Honestly, I reached the point where I was skimming/making my friends read me the comments, because my old adage is "If there's more than 40 of them, they aren't saying anything good." That being said, I think the crude monosyllables have a certain up-frontness and charm to them, because you can instantly write someone off as a troglodyte if he wheels one out while criticizing you. Pumpkin, and most gourd-based endearments, are the ones that really get my goat, if only because they're condescending rather than outright insulting, like the four-lettered-friends on my voicemail. I know what to do when I'm insulted. But when I'm condescended to, every fiber in my being begs me to respond and indicate to the person through conversation that he erred in calling me a yam derivative. Which, of course, you can't really.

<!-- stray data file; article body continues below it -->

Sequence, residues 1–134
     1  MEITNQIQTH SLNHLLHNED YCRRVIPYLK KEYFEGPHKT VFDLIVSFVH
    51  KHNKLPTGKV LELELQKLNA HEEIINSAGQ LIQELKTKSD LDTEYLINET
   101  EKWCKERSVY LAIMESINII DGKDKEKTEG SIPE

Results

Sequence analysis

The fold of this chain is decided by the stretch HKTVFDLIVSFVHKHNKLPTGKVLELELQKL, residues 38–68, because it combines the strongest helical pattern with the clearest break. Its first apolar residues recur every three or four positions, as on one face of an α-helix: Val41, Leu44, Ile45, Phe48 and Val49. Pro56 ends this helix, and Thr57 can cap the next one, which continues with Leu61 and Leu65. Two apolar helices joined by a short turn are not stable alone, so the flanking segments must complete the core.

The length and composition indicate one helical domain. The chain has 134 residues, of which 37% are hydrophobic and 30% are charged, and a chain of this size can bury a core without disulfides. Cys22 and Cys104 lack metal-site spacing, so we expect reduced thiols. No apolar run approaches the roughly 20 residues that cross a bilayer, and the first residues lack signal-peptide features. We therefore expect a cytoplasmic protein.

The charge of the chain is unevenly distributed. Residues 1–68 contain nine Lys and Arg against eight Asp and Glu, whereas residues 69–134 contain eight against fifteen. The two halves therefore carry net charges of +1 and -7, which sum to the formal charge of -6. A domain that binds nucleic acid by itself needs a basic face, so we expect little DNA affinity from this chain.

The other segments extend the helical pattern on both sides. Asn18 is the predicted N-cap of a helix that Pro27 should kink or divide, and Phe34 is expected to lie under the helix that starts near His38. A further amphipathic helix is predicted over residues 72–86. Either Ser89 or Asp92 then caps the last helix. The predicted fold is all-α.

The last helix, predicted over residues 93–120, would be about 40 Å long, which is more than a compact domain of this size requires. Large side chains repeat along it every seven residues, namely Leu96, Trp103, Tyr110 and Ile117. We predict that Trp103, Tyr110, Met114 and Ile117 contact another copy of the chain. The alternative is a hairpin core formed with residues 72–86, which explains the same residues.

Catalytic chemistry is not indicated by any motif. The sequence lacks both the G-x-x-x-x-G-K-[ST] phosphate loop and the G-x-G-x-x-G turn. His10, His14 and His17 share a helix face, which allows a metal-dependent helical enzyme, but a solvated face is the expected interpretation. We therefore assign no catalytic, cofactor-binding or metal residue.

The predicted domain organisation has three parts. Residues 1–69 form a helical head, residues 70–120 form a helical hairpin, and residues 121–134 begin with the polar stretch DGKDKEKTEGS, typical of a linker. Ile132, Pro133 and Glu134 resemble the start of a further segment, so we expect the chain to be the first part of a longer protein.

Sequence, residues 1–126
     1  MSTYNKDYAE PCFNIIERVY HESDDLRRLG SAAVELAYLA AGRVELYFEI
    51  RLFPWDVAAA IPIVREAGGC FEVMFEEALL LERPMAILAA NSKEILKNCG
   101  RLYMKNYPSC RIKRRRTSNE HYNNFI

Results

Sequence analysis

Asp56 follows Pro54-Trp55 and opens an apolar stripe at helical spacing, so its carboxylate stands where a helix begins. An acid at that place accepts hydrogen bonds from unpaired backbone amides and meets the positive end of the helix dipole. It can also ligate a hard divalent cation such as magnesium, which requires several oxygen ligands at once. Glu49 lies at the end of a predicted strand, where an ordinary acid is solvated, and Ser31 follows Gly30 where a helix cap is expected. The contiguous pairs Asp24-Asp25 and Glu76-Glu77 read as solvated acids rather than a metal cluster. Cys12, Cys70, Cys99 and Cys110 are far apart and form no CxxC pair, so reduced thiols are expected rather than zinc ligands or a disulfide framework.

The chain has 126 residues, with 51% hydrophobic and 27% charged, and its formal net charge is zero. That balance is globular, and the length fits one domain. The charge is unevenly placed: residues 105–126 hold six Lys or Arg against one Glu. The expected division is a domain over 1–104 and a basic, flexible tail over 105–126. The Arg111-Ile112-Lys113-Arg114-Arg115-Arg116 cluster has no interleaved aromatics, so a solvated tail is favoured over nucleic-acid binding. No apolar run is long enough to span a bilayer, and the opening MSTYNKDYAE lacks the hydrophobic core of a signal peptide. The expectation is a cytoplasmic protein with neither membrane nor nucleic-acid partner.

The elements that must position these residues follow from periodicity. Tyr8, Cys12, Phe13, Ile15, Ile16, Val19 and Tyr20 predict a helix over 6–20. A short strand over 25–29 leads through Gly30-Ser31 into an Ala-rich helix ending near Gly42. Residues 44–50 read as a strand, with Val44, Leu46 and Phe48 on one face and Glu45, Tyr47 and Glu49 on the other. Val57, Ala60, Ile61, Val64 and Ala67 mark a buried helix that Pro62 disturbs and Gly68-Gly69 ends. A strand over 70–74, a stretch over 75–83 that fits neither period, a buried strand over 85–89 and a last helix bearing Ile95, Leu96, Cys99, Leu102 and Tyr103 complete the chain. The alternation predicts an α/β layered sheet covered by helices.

Given that you're a comedienne and given the Ala. and Miss. primaries are today, what do you make of Jeff Foxworthy's endorsement of Romney and Romney's proud proclamation that one of his southern bodymen has been teaching him all about grits and the proper way to say "y'all?"

Someone described Romney's Grit Adventure as like being "on safari in his own country." Then again, it's the same sort of thing you often see from Media Types marveling "What's a cheese curd?" on visits to Real Electoral Destinations. Not exactly a great way of establishing common touch bonafides, but I think he may have passed that point and his aides may simply be urging him to "take the lovable automaton thing and run with it."

I asked my wife if I should check out Ashley Madison, and she replied "Haven't you disappointed enough women already?"

Ah, open marriages.

How is it different from having the text of a prepared speech with you?

Well, it's -- slim and electronic and people mistrust it, and it can't blow away, generally. 

This is probably not the answer you wanted.